The strategy is clear, and somewhat surprising: Marriott International will focus its strategy for Latin America primarily into Mexico, emphasizing select- service and all-inclusive hotels. Additionally, there will be a secondary emphasis on the Caribbean with focus on all-inclusive properties and in Brazil with a blend of mid-scale and resorts along with upper upscale segment ventures, featuring branded residences.
The element of surprise may stem from the heightened emphasis on luxury all-inclusive hotel projects within this strategy.
Bojan Kumer, Regional Vice President of Hotel Development for the Caribbean and Latin America at Marriott, elaborated on the company’s regional plans in an interview with Latin Trade.
Marriott, boasting an impressive portfolio of 31 brands, is the world’s largest hotel chain in terms of available rooms – 1,423,044 across 139 countries.
Where and how
Marriott International will focus its Latin American growth strategy in Mexico with select- service and all-inclusive hotels. “We are doubling down on developments in Mexico,” Kumer said. Select-service hotels offer the services and amenities of limited-service properties and a selection of the services found in full-service hotels.
Aside from Mexico, Marriott is concentrating its efforts on expanding the all-inclusive hotel markets in the Dominican Republic, Jamaica, and select markets within the Caribbean, Kumer stated. “Obviously, we have just opened a year and a half ago our first hotel in South America, in Brazil.”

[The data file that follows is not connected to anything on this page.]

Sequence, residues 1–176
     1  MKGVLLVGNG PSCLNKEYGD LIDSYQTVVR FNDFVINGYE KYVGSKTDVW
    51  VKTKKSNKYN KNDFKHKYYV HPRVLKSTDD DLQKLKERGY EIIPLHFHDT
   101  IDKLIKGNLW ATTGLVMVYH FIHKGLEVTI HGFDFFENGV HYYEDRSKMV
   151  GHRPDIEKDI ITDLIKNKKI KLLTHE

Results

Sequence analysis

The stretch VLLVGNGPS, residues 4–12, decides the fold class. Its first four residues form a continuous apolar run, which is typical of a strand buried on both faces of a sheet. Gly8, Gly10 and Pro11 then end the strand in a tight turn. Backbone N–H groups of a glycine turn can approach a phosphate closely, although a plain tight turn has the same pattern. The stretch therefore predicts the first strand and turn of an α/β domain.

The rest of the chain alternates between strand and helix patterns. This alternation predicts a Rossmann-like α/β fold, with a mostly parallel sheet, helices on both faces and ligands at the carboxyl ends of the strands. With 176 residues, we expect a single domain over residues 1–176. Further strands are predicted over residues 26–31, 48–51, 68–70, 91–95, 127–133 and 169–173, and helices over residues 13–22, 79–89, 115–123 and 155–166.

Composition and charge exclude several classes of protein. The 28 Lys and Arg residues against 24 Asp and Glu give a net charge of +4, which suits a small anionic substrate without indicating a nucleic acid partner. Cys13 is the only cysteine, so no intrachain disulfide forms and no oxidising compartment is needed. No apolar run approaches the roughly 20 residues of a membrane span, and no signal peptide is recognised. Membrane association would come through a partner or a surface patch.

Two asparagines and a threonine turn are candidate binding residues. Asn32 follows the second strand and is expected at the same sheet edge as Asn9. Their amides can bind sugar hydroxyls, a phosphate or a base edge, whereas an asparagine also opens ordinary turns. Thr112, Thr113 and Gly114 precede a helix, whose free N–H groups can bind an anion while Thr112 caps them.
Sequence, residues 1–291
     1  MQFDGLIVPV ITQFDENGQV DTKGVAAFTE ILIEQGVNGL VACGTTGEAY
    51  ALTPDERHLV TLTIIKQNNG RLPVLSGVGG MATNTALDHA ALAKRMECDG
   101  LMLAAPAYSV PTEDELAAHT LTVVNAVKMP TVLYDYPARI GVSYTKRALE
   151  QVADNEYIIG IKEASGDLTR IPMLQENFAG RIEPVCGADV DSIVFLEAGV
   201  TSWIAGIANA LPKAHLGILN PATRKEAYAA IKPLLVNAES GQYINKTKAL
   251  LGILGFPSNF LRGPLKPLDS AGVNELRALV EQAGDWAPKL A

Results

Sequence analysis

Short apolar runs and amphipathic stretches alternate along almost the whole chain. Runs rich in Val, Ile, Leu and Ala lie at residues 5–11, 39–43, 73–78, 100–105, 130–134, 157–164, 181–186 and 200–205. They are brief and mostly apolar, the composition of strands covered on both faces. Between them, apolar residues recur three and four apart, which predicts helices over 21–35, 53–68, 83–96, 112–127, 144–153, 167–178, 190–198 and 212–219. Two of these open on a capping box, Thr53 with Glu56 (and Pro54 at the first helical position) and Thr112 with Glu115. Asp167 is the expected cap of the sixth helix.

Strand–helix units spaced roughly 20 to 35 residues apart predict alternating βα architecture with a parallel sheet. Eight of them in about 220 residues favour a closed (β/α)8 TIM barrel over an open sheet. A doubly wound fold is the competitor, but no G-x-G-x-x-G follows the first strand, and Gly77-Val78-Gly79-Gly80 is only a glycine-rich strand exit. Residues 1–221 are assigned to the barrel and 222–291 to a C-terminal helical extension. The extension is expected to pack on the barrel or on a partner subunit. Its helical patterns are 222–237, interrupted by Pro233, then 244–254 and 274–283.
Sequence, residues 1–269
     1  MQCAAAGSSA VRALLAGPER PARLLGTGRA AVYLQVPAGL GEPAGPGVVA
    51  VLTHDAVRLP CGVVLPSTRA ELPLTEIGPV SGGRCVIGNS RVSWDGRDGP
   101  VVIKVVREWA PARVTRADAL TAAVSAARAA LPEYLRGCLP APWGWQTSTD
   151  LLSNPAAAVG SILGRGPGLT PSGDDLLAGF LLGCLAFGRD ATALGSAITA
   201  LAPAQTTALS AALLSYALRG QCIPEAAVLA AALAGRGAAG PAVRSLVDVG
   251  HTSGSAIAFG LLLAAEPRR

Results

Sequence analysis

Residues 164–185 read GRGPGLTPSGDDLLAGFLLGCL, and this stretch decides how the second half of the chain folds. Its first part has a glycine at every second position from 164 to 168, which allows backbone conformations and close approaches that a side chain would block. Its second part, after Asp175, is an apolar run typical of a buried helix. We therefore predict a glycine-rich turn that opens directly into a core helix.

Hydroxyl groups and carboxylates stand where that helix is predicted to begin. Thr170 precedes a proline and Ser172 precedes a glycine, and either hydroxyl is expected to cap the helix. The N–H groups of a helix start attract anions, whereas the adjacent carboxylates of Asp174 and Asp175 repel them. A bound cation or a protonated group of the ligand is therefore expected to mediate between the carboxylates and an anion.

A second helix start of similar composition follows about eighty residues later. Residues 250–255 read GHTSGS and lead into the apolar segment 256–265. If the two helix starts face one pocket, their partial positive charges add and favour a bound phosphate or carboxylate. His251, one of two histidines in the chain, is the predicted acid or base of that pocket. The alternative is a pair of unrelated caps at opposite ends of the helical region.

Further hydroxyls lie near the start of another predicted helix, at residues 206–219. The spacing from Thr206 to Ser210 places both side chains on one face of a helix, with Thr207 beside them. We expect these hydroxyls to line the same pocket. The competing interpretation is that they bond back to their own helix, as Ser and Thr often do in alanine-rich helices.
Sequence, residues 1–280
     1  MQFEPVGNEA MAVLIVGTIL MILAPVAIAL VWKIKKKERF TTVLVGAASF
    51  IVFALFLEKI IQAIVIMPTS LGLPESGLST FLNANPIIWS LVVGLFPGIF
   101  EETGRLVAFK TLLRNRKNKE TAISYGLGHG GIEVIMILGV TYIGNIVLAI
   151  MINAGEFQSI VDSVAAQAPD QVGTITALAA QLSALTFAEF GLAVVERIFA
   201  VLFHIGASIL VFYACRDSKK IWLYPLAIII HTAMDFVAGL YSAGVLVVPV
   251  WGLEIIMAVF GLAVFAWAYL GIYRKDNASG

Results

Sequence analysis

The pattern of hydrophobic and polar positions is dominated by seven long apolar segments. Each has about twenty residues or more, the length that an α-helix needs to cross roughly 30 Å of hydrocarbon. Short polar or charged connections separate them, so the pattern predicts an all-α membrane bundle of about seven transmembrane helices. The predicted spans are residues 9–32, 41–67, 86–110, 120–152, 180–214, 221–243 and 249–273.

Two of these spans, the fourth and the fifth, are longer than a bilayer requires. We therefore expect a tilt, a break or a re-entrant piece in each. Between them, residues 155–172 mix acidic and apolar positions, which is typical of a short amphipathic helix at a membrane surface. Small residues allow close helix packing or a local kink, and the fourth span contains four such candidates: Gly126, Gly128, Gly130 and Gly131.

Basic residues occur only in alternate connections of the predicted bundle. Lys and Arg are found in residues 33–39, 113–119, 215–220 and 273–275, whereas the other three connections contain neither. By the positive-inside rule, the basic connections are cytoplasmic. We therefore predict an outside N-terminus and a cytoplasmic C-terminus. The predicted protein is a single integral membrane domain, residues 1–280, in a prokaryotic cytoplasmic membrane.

The Brazilian operation will concentrate in the mid-scale segment, with the newly acquired City Express brand. “We acquired the City Express brand on May first, and since then, we have signed several Letters of Intent (LOI). Currently we have about 150 hotels in our portfolio. There are several hotels that are in development, mostly in Mexico.”
Outside Mexico, the biggest market will be Brazil, but Marriott has signed LOIs or spotted opportunities in Argentina, Colombia, Chile and Peru.
In the all-inclusive front, in 2021 Marriott propelled its presence in the regional market with the signing of a long term agreement with Blue Diamond Resorts. Marriott converted 19 Blue Diamond properties – around 7,000 rooms –, and grouped them under the Autograph collection flag. “We have continued to look at the conversions in both all-inclusive segment and in the select-services as well,” Kumer said.
In the luxury segment, another area of strategic importance, Marriott is moving from the regular European Plan (EP) which, according to Kumer, has been very successful across the Caribbean region and Mexico, to luxury all-inclusive hotels. “We opened our first luxury all- inclusive in the Dominican Republic. It is a Luxury Collection hotel sanctuary in Cap Cana, a private community very close to Punta Cana.”
It has been an active year for upper upscale luxury and luxury all-inclusive hotels. “Our year-to-date signings in 2023 are 1,760 rooms. Most of the signings are in Brazil, with 1,151 rooms.”
Oil and water?
All-inclusive and luxury seemed like an improbable match. Much like oil and water. However, Marriott found a sophisticated method to make the combination work very efficiently.